Digitizing sponsorChevrolet Division, General Motors Corporation
A "tribute to the American stylist," American Look shows families at leisure, children dressed in cowboy and cowgirl outfits watching television, a father shooting home movies of his picnicking family, Fifties-modern home interiors graced by formally dressed models, furniture (including designs by Herman Miller), kitchens and kitchen equipment, packaging (including designs by Donald Deskey), appliances, textiles, offices and office furniture, office machines, industrial machines, lawn mowers and sprinklers, domestic and institutional architecture, people at leisure and enjoying recreation, children playing baseball, a mother and child in a transparent rowboat being observed by the snorkeling father, automobile styling and design and the work of the design staff of the new General Motors Technical Center at Warren, Michigan. The story behind the design of the 1959 Chevrolet Impala is shown, with dramatized moments in the design and modeling process.
The film lumps industrial, interior and product design efforts together as "styling," and characterizes them as responses by industry to insistent consumer demands for the most modern products and environment. During the last third of this twenty-eight-minute film, it becomes clear that it was produced to celebrate modern design as exemplified in the "look" of the 1959 Chevrolets, the year that tailfins stretched to their greatest extent. Since, in that year, many General Motors models shared similar mechanical components, the film promotes the many alternative design options available to car buyers, stating that "America's greatest freedom [is] the freedom of individual choice." This visually dazzling and technically excellent film presents a great variety of clean and antiseptic late Fifties products and environments, and those interested in design history would do well to listen closely to its narration.
April 11, 2018 Subject:
(full film) This great Jem Handy picture, (presented in 'Superscope' widescreen, whatever that means) picks up where the American Engineer left off, and tells us all about the wonderous stylings of America today. Plenty of weird and very strange dssigns, even for today, much less in 1958 are presented. Your Dog can have a Art Nouveau Dog House! Don't like the plain browness of your catcher's mask? Make it orange! Do you want to attract bears? Make your tent bright blue! Since this is a Jem Handy movie, soon all of this winds down to, of course, the design of automobiles. And what an automobile it is.. The 1958 Impala looks (literally) like a killer car with it's too sharp back wings and (yikes!) spikes on the front grill! Check out the building where the people meet who designed this thing, and soon you'll realize why this very odd looking car doesn't look so out of place. Reccomended!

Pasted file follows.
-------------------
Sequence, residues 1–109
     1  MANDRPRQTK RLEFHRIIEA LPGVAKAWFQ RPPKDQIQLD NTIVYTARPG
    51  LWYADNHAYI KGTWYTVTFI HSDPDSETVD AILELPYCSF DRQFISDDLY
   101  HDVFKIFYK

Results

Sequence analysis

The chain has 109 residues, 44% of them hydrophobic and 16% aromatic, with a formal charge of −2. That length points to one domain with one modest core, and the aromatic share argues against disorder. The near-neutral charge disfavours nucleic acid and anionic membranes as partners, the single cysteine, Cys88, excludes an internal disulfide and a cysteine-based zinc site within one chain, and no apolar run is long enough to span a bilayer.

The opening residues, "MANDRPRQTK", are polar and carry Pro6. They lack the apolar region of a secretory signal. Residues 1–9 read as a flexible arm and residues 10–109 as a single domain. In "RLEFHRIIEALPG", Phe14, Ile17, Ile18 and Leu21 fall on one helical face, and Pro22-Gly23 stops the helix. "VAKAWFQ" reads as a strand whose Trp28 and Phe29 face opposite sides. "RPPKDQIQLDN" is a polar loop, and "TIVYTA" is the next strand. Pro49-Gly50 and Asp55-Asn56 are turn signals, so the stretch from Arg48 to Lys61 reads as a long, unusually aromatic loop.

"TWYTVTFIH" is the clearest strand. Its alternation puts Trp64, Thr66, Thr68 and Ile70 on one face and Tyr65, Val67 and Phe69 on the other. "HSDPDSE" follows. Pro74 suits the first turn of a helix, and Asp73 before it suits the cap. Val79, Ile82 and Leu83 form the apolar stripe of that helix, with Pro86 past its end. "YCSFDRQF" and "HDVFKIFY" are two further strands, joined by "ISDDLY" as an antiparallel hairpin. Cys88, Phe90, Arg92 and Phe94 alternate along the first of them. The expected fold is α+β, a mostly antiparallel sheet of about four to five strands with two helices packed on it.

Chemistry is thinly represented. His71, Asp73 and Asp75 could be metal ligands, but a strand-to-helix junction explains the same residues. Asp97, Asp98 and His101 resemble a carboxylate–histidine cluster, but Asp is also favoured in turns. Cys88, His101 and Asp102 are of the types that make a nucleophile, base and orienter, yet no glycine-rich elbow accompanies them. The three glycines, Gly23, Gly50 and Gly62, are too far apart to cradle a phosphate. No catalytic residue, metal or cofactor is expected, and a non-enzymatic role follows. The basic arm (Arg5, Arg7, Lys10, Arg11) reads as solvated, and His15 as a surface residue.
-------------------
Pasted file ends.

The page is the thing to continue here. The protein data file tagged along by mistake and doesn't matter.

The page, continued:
November 18, 2013 Subject:
golden age of american design
really enjoyed this one , for one reason I'm a " 59 er" and always loved that design - era , products and colours , architecture , googie - style , neons . Mostly didn't get any better after , so I label it the golden age . America was the dream and shining star for the whole world then , I hope this will be remembered and appreciated and hopefully preserved as far as still possible , though often critisized as artificial , to me this design has a far more organic and emotional atmosphere than most things after 1975 and that's why so many items are iconic now . 5 stars for the subject and the great camera